Sector as a Service #2 – Reborn in the Cloud
Once organizations have implemented or built their first cloud applications, they will find they have a powerful cloud platform available that comes with these applications. They can now consider leveraging more of that platform, not only to create additional solutions but also to renew the existing applications landscape. This may be a matter of simply ‘cloud-enabling’ legacy applications by providing them with a new front-end and integrate them with the cloud applications. But applications can be completely ‘reborn’ too, taking full advantage of living in the cloud.
I was listening to Andy Jassy’s keynote on AWS Reinvent and one key statistic that he mentioned struck me. He said that 32% of all apps that moved to the cloud had reduced downtime. Moving apps to the cloud reduces downtime? Who would have thought? It’s considerations like that which make you ask yourself if you should have many more of your apps ‘reborn’ in the cloud. Most of my clients are doing pilots by moving certain apps to the cloud and using those pilots to learn and plot their future.
One thing I will say is that it is truly about ‘rebirth’ of these apps, not just migrating them to the cloud. Forrester analyst James Staten makes this point thoroughly in his blog post. Apps that are reborn in the cloud need to adapt to the cloud and not the other way around.
If you are thinking about rebirthing apps in the cloud, here are a few things to consider:
First understand your application landscape, segment it and plan their destinies. Are you forecasting certain applications that are going to rapidly increase in end-user population? Maybe they are customer-facing apps or employee-facing apps? Do you spend a lot of money on tier 2 apps? Are you dealing with apps on an underlying infrastructure that has lagged behind in applying patches and being current on security updates? The tier 2 apps in the employee-facing and corporate-services domain can be a good target source to do some pilots around moving apps to the cloud. Cloud works better when you start small, experiment and learn from it.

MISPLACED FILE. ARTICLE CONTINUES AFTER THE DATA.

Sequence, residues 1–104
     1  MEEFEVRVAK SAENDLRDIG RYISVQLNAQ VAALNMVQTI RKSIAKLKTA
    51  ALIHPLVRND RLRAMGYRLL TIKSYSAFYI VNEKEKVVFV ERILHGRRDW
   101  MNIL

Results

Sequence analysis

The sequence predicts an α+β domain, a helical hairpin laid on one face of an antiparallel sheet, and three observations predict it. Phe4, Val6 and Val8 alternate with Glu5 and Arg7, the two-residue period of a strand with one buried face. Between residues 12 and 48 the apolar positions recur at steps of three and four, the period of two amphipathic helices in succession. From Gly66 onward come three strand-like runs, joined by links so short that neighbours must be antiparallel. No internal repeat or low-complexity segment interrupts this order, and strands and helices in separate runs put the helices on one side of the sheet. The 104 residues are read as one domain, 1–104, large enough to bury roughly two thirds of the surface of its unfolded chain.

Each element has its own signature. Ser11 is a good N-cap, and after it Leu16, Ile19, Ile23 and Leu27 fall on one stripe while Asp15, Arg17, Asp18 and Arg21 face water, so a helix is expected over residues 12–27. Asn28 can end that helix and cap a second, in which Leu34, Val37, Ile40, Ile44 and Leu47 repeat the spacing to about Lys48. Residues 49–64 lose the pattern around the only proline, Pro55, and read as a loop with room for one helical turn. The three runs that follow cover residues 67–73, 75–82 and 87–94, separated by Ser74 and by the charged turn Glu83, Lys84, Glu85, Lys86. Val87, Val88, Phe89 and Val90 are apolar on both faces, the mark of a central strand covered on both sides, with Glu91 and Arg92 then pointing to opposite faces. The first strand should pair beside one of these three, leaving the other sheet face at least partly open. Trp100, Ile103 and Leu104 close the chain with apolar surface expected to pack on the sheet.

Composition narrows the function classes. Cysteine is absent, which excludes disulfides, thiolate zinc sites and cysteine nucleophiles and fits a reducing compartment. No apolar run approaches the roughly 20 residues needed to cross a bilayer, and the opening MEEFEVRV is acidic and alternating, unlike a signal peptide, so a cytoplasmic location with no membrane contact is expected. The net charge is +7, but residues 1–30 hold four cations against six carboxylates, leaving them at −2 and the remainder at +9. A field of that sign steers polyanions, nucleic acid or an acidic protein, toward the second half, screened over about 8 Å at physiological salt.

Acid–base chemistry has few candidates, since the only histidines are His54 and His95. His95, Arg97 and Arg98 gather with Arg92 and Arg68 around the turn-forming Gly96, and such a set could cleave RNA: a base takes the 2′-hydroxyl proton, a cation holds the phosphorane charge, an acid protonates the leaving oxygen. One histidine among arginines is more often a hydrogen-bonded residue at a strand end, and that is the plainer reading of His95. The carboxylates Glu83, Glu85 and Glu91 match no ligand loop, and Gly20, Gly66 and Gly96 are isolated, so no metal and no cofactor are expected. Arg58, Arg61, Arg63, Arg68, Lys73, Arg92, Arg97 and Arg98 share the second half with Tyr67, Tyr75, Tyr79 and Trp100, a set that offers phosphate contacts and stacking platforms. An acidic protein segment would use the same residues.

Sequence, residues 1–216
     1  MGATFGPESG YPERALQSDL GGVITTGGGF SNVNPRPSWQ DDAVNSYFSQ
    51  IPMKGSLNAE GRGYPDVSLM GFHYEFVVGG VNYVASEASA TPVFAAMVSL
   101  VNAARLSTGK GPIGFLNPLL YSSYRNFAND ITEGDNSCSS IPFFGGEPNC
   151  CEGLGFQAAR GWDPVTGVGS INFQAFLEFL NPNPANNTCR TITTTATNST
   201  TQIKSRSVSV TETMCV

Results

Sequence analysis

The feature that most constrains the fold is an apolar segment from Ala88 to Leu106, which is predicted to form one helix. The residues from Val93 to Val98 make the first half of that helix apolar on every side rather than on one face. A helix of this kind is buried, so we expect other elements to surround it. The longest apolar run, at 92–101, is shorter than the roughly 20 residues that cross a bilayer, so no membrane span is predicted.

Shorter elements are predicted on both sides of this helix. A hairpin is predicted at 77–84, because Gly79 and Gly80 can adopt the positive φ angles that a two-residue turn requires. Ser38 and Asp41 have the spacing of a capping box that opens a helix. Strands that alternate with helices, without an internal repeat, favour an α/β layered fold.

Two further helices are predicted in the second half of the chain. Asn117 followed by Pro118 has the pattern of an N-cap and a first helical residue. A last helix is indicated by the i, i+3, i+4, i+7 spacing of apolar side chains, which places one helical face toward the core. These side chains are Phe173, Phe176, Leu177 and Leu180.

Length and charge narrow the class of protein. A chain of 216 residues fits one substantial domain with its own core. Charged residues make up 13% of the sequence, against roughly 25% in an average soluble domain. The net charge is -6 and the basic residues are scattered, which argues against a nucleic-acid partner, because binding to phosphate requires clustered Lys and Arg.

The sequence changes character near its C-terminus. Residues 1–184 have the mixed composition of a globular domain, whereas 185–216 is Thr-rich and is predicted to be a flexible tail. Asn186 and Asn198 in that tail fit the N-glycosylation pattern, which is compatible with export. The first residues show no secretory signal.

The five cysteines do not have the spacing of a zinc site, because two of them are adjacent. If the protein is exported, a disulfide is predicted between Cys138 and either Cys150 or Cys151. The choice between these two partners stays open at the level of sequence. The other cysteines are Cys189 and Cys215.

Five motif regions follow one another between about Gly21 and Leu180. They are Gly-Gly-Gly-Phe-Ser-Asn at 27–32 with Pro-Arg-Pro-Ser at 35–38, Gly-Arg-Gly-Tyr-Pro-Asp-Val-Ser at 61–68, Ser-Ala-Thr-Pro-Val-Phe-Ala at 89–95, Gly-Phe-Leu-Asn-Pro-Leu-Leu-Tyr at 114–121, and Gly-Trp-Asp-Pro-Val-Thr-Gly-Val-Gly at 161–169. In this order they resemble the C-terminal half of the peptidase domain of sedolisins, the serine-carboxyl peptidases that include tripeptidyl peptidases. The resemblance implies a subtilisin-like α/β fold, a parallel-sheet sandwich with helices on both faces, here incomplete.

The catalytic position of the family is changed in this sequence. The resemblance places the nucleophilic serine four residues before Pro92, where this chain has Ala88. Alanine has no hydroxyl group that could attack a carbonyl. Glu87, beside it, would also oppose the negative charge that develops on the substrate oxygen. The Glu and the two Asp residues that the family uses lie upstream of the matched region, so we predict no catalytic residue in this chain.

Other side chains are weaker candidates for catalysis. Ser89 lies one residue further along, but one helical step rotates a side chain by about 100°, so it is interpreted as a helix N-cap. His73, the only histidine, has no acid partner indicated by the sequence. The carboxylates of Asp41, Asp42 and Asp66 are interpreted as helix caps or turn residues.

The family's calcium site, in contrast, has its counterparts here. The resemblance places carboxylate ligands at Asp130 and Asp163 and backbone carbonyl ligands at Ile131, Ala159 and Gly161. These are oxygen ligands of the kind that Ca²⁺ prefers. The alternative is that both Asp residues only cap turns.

Then you have to ask yourself whether you should leverage Platform as a Service (PaaS) or only the Infrastructure as a Service (IaaS) side. Both come with their inherent pros and cons. Adopting a PaaS means a steeper learning curve for the organization in the short term but better rewards long term. Whereas with IaaS adoption for apps, you get quicker savings but the impact is lower.
Also, you have to keep in mind not all code will work in a public IaaS cloud. So picking the right apps for the pilot will help with testing out these edge cases and will build valuable enterprise knowledge.
Let’s say by now you have identified some decent number of apps (say 40-50) to migrate and have made a choice around using IaaS and PaaS providers, then comes the hard part: building the business case. Keep in mind that there will be one-time migration costs, even if you are migrating to a public IaaS cloud. And the costs go up if you are adopting public cloud PaaS platforms like Force.com or Google App Engine or Engine Yard.
Another factor to keep in mind is the training effort and change management in your teams to learn from this pilot and apply broadly in your company. Furthermore, you should consider if you can generate more value with the same apps if you had more features in them. Maybe a great mobile interface?
Finally, don’t forget the governance aspect of it. Having apps reborn in the cloud doesn’t solve the governance problem; it only makes it more critical to address.
To quote James Staten again: “Don’t think migrate, think transform.”
In fact, I would add: Think “Reborn in the Cloud.”
This contribution by Vikrant Karnik
Part of Capgemini's TechnoVision 2014 update series. See the overview here